‘Tis the season of winter holiday recitals. One more activity for the student stuffed in between a myriad of others that they are required to partake in. Some years back I decided I was tired of the traditional model of recital; ie. students and parents sit quietly in a recital hall while each student gets up and performs their solo piece, nervous and under a spot light, lasting all of 2 minutes each before everyone claps politely. The beginning students and many of the intermediate and advanced as well look a bit shell shocked when they finish (regardless of how the performance went) and it happens much too fast for them to truly digest the magnitude of the moment. I decided this model of recital was through. No fun for anyone involved (parents included) and it did not truly celebrate all of the hard work the students had completed. Time for a change!
My first step was to change the recital to a ‘gig.’ I explain to the students that in my world (as a jazz pianist in New York) all of my friends and I referred to each performance opportunity as a ‘gig’ and sometimes a ‘concert.’ So the students and I talked about the upcoming performance as one of many gigs we would play over the year. In conversation, I talked of their gig no differently than any one of the gigs I play each week.
The second step was to move the venue from a recital hall to a local jazz club with a nice piano. I simply called a club that could accomodate the numbers I expected and pitched it as a ‘happy hour show’ that was not open to the public. I assured them that they would have a decent crowd and they jumped at the opportunity. This is probably the most fundamental shift for both parents and students (especially adult students). The jazz club feels more ‘real’ than a recital hall to most involved. The fact that shortly after our show is done (we run from 5-7pm on a Friday) another group loads in for the their first set, validates the student’s show as ‘real.’ In their mind they are part of a long list of performers that work at the club.
The third step was to hire a rhythm section. Both an upright bass player (a good friend I worked many times with before) and a drummer (sometimes me..sometimes a pro) were brought on board to play with each student. Every student was given the opportunity to work with professional musicians when performing. While I did not force them to work with the group, I strongly encouraged it and they all jumped at the chance. One very important point to stress is that the student’s level absolutely does not matter. I have absolute beginners playing 4 bar pieces (repeated a few times) that include nothing more than the notes F and G. I also have very advanced students playing a blues they composed themselves. The key is to address all pieces as equally valuable and ready to be arranged and performed with great musicians backing them up. As one of my mentors once said, ‘treat every gig as if it were the last you will ever play.’ I try to impart that sense of urgency and desire to all my students and their approach to their pieces at the ‘gig.’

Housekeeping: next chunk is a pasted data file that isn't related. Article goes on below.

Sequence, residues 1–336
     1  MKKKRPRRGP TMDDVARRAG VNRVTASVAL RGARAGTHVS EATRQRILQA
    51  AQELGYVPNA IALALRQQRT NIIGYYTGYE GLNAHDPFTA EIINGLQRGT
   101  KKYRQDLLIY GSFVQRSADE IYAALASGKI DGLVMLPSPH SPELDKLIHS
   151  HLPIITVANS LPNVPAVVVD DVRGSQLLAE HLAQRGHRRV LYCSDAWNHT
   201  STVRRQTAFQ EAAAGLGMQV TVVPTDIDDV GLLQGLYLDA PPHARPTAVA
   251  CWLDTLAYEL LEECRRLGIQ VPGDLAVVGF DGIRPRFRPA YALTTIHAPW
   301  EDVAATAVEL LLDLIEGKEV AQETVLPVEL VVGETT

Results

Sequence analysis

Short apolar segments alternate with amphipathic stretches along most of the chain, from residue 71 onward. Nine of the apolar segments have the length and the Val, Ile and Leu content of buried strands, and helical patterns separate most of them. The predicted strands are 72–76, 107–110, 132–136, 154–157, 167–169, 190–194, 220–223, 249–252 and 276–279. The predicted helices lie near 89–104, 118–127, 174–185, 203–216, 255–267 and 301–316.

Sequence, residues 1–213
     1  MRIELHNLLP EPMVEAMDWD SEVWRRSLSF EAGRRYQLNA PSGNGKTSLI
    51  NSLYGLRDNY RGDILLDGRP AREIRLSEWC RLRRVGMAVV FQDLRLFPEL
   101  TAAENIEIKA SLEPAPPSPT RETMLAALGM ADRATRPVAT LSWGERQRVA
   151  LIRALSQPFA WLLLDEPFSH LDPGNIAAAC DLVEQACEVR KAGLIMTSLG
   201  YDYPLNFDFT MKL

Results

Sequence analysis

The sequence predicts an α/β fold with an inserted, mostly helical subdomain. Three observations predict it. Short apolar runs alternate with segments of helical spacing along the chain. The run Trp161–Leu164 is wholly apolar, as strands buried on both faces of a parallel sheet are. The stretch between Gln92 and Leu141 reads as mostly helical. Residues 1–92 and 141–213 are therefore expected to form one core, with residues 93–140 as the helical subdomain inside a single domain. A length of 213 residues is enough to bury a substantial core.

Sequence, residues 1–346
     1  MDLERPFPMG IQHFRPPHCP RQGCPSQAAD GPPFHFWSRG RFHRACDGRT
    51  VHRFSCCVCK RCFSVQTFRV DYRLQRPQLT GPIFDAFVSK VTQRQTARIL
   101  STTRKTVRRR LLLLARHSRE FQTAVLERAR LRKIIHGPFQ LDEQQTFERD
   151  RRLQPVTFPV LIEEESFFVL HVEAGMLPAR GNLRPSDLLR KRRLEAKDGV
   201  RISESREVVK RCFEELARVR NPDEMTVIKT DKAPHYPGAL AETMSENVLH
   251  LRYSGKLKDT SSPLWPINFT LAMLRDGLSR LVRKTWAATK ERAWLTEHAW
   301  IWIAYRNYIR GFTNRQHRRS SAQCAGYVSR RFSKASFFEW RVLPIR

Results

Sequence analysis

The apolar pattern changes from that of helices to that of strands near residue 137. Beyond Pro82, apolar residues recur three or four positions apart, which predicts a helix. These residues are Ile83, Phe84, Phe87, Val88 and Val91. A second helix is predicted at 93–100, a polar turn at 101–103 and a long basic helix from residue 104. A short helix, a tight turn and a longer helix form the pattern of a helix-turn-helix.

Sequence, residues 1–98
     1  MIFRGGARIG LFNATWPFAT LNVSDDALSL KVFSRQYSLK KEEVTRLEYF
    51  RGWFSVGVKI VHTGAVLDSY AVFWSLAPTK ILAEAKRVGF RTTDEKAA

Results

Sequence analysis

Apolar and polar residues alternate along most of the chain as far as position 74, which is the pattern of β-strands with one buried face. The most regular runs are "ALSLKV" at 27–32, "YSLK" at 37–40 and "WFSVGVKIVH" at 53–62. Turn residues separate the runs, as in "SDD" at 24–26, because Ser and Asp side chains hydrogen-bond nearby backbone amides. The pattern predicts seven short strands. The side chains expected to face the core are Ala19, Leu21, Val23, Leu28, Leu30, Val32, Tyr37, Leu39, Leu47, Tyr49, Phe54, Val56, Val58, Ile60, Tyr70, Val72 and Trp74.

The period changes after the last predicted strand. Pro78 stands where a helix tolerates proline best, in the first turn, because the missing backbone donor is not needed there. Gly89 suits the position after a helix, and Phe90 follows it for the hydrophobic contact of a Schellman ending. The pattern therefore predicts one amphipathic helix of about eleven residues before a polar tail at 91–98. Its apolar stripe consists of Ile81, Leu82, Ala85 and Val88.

The fourth step is to prepare students and parents for a different kind of recital. I send out multiple email invites that list the jazz club with a web link to it’s site. I encourage everyone to invite family and friends (which many of them do). And I let them know that the club is a working jazz club with a bar and restaurant that should be taken advantage of by arriving early, ordering up drinks and food, and mingling with other musicians. This final point I think is crucial because what I believe keeps students continuing for the long haul and staying committed to music studies is less their level but more their sense of belonging to something greater than themselves and their studies. The jazz club creates an environment that allows the students to get to know one another. Parents mingle with one another and celebrate the music together. Instead of merely focusing on their own 2 minutes of fame at a traditional recital, I find students become much more invested in the success of their fellow musicians. In large part, I believe, this is due to the fact that they all perform with the same rhythm section and share the same energy of the jazz club environment.
Yes, my personal experience as a performer (predominantly as a jazz pianist) lends itself well to this type of adjustment to the traditional recital model. But I think every teacher could stand to take a second look at how, where, and why they ask their students to perform in a recital. See what kind of new and unusual performance opportunities you come up with. Maybe instead of a rhythm section, you hire a string quartet or a harp to accompany your students.
Next month I will continue this entry by discussing how I prepare my students musically to perform at a club and with a pro rhythm section. And we will look at the many lessons that can be taught in preparing for the opportunity.